By People Staff
December 04, 1989 12:00 PM

Hollywood studios have one wish in mind when they release a movie: that it open with a bang. In the case of Eddie Murphy’s Harlem Nights, a swaggering gangster spree set in the ’30s, the wish came quite literally true. The film made over $18 million in its first weekend, becoming No. 1 at the box office. At the same time, the premiere weekend was marred by four outbreaks of violence, resulting in one shooting death.

For the $30 million movie, perhaps the first in that price range to incorporate the word “mother—” every 15 frames or so, the weekend started on a high note. Its klieg-lit premiere at Mann’s Chinese Theater in L. A. was attended by the star, the writer, the director and the executive producer. All their names are Eddie Murphy. The trouble began the next night Friday, when fights broke out in a Detroit theater where Harlem Nights was playing. At one point, just as Murphy embarked on a shooting scene, shots rang out in the theater. Two men, ages 17 and 21, were wounded. Later that night, brawlers were ejected from a Sacramento, Calif., theater snowing Harlem Nights. Their feud continued in a parking lot and ended with gunshots. Two 24-year-old men were seriously injured. An hour later, Marcel Thompson, 17, was shot to death in a similar fight at a theater in Richmond, Calif. When police stopped the projection of Harlem Nights to find suspects, an hour-long riot erupted. In Boston, Mayor Ray Flynn saw so many fistfights taking place in a crowd leaving Harlem Nights that he threatened to close the theater down.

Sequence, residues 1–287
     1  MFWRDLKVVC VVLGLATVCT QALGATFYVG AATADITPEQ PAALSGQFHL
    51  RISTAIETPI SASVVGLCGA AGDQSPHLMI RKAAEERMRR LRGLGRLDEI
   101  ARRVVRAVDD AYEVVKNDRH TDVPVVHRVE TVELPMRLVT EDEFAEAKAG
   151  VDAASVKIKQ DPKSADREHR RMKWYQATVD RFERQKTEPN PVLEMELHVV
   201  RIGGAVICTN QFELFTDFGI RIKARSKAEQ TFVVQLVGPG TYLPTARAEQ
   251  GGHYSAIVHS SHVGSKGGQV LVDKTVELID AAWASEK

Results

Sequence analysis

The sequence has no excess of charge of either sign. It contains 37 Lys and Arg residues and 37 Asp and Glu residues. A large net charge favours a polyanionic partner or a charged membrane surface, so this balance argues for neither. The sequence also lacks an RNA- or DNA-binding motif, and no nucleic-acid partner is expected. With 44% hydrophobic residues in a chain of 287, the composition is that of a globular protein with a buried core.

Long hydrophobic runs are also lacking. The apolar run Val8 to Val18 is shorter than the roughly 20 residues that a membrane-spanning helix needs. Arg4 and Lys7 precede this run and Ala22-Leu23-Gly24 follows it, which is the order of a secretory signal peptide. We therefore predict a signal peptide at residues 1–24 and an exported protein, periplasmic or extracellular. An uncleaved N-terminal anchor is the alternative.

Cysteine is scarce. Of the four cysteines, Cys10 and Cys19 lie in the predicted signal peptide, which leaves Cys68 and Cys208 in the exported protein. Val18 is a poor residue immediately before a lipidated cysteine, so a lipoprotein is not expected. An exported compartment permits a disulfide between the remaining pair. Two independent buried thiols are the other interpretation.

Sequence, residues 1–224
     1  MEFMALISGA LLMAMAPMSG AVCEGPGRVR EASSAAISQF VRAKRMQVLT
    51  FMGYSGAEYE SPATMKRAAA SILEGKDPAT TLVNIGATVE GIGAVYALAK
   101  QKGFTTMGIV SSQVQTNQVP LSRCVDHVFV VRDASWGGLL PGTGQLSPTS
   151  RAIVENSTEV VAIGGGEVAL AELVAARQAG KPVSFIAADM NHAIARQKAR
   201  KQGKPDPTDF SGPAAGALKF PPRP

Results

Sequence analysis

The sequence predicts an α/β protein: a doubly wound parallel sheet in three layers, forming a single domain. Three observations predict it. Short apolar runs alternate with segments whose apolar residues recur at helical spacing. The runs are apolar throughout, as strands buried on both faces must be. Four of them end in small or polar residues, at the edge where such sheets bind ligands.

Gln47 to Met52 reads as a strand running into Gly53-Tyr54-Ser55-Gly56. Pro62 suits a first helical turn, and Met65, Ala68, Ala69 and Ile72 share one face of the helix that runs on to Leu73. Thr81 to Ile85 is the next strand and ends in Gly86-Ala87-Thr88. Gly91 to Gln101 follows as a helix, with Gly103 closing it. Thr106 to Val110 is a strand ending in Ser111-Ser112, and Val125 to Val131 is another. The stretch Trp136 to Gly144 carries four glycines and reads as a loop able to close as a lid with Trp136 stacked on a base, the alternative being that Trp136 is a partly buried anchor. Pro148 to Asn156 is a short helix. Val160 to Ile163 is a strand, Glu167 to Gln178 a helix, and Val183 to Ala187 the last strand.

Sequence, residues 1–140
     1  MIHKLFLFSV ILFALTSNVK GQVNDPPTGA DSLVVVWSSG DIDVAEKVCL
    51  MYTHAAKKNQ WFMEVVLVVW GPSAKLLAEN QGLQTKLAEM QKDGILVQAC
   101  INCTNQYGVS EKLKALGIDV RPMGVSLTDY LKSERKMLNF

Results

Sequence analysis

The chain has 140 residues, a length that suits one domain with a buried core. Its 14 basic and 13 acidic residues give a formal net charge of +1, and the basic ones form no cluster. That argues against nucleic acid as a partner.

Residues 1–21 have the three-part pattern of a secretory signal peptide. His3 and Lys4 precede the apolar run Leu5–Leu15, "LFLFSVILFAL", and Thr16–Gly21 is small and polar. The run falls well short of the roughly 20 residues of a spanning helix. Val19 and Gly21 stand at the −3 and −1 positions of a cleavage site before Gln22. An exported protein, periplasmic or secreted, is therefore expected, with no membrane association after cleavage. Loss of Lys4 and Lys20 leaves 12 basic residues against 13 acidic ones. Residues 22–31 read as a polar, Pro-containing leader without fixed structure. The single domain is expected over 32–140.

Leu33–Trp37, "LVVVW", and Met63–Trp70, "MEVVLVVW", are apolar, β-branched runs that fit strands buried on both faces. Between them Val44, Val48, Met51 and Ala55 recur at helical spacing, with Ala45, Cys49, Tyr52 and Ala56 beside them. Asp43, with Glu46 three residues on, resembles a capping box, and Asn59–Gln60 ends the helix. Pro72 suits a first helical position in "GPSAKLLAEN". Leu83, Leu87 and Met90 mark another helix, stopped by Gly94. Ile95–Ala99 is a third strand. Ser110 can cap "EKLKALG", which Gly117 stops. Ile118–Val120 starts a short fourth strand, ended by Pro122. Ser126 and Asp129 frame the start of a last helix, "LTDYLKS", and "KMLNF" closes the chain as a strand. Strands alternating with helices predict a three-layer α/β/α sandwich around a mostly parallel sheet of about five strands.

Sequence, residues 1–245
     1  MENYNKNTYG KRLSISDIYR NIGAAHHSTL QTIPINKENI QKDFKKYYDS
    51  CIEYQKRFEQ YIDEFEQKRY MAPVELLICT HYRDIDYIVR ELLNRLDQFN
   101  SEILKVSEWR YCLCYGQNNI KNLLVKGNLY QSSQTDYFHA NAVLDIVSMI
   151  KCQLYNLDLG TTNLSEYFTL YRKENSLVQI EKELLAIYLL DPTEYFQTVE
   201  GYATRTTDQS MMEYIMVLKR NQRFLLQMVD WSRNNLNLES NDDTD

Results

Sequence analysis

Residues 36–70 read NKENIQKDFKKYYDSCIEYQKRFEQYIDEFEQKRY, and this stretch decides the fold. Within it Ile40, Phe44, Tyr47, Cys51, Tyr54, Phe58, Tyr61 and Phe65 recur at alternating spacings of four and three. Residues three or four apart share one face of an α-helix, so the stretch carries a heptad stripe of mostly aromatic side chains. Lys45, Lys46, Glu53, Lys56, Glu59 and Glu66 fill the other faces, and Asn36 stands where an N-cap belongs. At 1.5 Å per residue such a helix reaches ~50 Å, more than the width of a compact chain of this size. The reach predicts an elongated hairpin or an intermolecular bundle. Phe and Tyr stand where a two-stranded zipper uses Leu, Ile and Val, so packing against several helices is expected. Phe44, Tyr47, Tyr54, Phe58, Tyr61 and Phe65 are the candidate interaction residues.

“The movie glorifies violence,” said Flynn, who decided to tighten police security at the theater. “Kids play that out” Others aren’t so sure that Harlem Nights—which opened at 2,176 other theaters without incident—is to blame. “There’s nothing wrong with the show,” says Lt Raymond Howard of the Richmond, Calif., police. “But this tells me something about the nature of kids who are going to see these shows.”

“If there’s a fight at McDonald’s, what does that have to do with McDonald’s?” asks Murphy’s manager, Bob Wachs. “If there’s a fight at Giant stadium, are you going to blame the Giants? Of course not It’s not about the Eddie Murphy movie.” Yet the violence is threatening to taint that movie. For Murphy, who has put a lot on the line, Harlem Nights has been anything but a sleeper.